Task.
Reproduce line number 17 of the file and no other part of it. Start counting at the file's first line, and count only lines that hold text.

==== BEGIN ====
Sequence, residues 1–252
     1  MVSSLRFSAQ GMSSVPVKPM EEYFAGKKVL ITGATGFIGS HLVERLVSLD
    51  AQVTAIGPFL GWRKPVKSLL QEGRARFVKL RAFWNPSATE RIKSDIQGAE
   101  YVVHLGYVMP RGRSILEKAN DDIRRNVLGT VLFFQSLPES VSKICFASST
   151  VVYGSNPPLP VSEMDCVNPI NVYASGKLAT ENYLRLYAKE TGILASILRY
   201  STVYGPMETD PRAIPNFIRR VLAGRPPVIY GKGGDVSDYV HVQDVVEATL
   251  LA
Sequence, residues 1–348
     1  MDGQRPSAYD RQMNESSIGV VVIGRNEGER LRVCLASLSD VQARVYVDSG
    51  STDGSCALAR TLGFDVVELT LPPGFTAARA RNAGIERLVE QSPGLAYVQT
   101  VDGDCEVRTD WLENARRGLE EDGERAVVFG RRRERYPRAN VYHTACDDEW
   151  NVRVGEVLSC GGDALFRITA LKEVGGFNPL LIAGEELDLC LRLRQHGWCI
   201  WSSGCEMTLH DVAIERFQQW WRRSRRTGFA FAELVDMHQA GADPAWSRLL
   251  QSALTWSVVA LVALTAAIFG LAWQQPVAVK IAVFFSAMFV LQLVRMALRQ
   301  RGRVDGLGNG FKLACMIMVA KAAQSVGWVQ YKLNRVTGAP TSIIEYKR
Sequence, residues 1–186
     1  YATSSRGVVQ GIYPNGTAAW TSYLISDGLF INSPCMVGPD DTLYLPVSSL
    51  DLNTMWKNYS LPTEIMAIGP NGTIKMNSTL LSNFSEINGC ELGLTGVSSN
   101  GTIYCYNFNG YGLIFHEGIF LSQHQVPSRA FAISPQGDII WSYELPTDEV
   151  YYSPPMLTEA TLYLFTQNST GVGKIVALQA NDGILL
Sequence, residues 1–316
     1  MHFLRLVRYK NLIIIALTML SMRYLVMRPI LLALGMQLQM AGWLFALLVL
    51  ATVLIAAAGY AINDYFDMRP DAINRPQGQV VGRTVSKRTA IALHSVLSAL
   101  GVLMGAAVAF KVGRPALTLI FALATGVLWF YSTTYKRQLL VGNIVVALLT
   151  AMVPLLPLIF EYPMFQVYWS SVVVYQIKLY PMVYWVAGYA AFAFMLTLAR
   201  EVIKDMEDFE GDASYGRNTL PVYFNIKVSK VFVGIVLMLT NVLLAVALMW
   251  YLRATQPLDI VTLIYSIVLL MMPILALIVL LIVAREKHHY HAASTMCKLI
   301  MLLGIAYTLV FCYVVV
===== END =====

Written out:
     1  YATSSRGVVQ GIYPNGTAAW TSYLISDGLF INSPCMVGPD DTLYLPVSSL